The Ramban, who does not accept this answer, might have reasoned that if Rav had not stipulated at the time of the loan that he would pay back the same number of gold coins, then he would have been permitted to pay back the lesser amount of silver when the price of gold fluctuated. From the fact that Rebbi Chiya told Rav to pay the full amount, it is clear that Rav in fact did stipulate that he would repay the same number of gold coins that he borrowed.
(c) The RASHBA writes that at the time that Rav borrowed the money, he was confident that gold was considered currency and not merchandise. Later, when the time came to repay, he had doubts, and therefore he went to ask Rebbi Chiya.
2) THE CURRENCY OF PIDYON HA'BEN
QUESTION: The Gemara discusses whether a gold coin, when compared with silver, is considered a currency or a commodity. The Gemara cites proof from a Beraisa which states that there are 25 Dinarim of silver in one Dinar of gold (that is, one Dinar of silver is worth 1/25th of a Dinar of gold). The practical ramification of this value is how much one must pay for Pidyon ha'Ben. The amount of money necessary for Pidyon ha'Ben is always linked to the value of gold and not to the value of silver. The Gemara proves conclusively from this Beraisa that gold is considered a currency, and if the value of silver changes in relation to gold, the value of gold determines the amount given to the Kohen for Pidyon ha'Ben.
How can the value of Pidyon ha'Ben be determined by the value of gold and not by the value of silver? The Torah specifically states that the amount that must be paid for Pidyon ha'Ben is "Kesef Chameshes Shekalim b'Shekel ha'Kodesh, Esrim Gerah Hu" -- five silver Shekalim, which are twenty Gerah (Vayikra 18:16)! (RITVA)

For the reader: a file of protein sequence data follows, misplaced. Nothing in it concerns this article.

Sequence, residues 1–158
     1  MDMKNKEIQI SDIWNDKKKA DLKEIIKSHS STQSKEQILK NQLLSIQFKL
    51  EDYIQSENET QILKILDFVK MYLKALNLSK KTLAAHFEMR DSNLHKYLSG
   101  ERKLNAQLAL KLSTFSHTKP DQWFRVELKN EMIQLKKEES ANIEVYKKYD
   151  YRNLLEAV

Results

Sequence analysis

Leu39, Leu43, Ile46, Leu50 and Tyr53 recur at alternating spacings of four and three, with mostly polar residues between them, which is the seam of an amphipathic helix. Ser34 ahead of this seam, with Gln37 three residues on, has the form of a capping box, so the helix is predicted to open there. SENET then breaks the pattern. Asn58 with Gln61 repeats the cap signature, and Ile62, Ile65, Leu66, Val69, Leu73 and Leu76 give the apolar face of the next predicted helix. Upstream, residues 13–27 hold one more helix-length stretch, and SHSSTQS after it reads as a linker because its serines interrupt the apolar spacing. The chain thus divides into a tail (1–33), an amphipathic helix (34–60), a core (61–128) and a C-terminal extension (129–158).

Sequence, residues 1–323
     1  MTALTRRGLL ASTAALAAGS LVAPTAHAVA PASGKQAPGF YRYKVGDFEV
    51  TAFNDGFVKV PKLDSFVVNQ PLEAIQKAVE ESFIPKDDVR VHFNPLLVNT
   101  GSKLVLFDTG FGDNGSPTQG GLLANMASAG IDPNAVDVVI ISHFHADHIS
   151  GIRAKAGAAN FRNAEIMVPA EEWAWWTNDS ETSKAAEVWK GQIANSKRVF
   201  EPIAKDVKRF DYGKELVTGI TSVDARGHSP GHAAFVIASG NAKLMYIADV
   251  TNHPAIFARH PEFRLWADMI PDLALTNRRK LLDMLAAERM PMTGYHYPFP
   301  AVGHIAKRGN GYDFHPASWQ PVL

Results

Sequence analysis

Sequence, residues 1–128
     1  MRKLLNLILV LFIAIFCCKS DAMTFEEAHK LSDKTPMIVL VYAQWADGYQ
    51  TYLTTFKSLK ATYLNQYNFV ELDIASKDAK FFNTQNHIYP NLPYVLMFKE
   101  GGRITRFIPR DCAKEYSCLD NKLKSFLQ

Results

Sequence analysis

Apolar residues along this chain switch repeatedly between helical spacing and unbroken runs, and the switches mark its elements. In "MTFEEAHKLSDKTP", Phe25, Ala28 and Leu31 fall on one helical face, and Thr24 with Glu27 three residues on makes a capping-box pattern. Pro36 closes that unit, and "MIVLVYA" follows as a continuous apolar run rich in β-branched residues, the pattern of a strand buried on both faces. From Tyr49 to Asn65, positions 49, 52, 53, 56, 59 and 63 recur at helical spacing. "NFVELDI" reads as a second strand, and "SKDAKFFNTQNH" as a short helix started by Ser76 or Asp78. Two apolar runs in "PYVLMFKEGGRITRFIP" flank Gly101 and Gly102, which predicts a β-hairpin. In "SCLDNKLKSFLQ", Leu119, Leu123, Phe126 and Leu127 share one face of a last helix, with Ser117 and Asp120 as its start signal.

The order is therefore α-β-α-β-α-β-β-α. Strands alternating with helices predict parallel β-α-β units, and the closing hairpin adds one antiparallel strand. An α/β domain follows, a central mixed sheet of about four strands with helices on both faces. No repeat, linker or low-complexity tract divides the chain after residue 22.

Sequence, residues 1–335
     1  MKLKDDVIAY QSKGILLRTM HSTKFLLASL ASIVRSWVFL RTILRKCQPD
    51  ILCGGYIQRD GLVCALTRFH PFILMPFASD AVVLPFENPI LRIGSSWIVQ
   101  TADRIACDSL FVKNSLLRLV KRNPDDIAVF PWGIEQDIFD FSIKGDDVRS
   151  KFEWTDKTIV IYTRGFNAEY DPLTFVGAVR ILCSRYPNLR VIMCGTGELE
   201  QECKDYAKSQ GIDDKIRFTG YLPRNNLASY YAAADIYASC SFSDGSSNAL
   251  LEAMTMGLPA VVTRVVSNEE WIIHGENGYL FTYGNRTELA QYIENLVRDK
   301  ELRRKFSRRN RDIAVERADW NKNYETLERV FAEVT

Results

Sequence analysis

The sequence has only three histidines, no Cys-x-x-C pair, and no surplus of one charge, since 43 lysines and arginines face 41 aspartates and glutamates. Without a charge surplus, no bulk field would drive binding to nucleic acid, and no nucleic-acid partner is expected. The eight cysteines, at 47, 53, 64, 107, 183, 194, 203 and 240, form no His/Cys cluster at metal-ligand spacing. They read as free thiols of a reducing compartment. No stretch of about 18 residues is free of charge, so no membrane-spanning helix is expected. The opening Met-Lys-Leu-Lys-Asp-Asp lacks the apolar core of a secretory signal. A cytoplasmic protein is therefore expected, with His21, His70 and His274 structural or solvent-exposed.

ANSWER: The RITVA and TOSFOS HA'ROSH answer that if silver is considered merchandise and not currency in relation to gold, then it is logical to assume that the Torah would not link the value of Pidyon ha'Ben to the price of an entity with a fluctuating value (i.e. merchandise). Rather, the Torah mentions five Shekalim of Kesef only because that was the equivalent of four-fifths of a Dinar of gold at the time the Torah was given. The real price of Pidyon ha'Ben, however, is not five Shekalim of Kesef but the equivalent of that amount in gold, at the time of the giving of the Torah. The Chachamim had a tradition that the amount of gold equal to five Shekalim of silver was four-fifths of a Dinar of gold.
TOSFOS RABEINU PERETZ adds that this is what the Torah means when it links the Shekel of Pidyon ha'Ben to a Gerah (according to the opinion that gold is considered currency in relation to silver). The Gerah was a coin that was linked to the price of gold and not to the price of silver. The Torah is saying that the price of Pidyon ha'Ben is not really linked to the value of five silver Shekalim, but rather to the value of twenty Gerah. The TARGUM ONKELUS writes that twenty Gerah is twenty "Ma'in," but that is not meant as a literal translation of Gerah, because "Ma'in" are silver coins. Rather, he converts the Gerah to a coin which was common in his time, which was made of silver and which was worth the same amount at that time.